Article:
A question:

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We all know about video game series that are tampered with to the point where a Franchise Killer happens, but return in full form soon after. Others are not able to return this way, but have a dedicated cult of fans organizing petitions to bring it back (and in some cases even making fangames).

But is there any video game series that sells a lot of copies in its day, is run to the ground, and is then completely forgotten despite being well-loved in its day? It would be very sad if this happened to a series.
2 SgtRicko2nd Nov 2012 09:31:42 AM from Guam, USA , Relationship Status: Hounds of love are hunting
It happens to a lot of games, really. Fortunately the internet has made it more difficult for games to fade and be forgotten since their fanbases tend to keep them alive through mods, forums, youtube videos, FAQS, etc. The Earth 2150 series is an example: the first few games were great and innovative during their time (only Warzone 2100 had done that type of design-deploy-destroy before them), the graphics were great, and the campaign and plot certainly were different from the norm. However after the mediocre Earth 2160 was released, interest in the game just died outright.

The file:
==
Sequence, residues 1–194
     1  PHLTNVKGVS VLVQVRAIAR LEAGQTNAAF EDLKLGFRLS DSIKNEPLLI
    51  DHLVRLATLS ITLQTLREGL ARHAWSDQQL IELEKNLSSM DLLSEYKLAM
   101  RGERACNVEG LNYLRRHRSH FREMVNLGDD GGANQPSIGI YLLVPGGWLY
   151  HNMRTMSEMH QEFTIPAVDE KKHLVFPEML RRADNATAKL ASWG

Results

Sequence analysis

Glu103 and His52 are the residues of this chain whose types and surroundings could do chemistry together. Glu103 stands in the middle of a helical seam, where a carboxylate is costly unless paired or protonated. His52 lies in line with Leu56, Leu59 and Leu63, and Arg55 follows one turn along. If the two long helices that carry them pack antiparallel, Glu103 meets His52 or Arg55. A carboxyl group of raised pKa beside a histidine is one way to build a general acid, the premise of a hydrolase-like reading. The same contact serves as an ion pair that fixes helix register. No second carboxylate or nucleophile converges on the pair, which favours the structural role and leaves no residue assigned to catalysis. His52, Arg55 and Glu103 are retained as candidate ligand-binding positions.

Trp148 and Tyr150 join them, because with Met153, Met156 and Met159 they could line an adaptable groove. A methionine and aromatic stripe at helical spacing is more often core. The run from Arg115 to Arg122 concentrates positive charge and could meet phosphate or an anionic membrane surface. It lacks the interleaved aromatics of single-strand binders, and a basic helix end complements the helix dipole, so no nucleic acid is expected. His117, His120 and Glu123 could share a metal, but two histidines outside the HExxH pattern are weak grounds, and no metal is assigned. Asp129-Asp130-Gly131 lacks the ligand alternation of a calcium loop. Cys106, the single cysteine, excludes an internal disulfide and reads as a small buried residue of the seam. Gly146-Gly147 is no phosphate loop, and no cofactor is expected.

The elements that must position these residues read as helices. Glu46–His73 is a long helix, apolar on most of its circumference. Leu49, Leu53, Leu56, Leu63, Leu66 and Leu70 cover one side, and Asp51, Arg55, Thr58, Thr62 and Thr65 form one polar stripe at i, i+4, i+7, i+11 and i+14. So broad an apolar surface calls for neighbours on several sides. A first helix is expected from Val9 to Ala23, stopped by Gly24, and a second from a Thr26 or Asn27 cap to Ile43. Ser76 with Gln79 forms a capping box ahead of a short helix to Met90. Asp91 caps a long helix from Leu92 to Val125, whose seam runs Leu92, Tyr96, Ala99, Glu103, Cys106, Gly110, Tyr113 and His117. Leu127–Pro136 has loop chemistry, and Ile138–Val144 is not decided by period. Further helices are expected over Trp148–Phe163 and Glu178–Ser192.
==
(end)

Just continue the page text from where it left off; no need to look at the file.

The average RTS player, even some of the experienced ones may have absolutely no idea the game ever existed. Yet, it's still a fond memory for some of us, and some devout fans are still trying to support it with mods, balance patches, translation fixes, etc.
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3 Recon52nd Nov 2012 08:52:04 PM from Southeast Asia
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Nowadays any game with blockbuster sales (a whole category above just 'a lot of sales' - we're talking at least several million copies in the first week or so) is virtually guaranteed a followup unless the publisher or developer somehow dies right afterward.

Games that just sell 'a lot' (several hundred k to one million in the same period as above) may end up disappearing and games that are niche from day one are likely to be one-offs, not to mention the fact that the developers who make these kinds of games often prefer to spend their profits on something new rather than revisiting the same concepts again.
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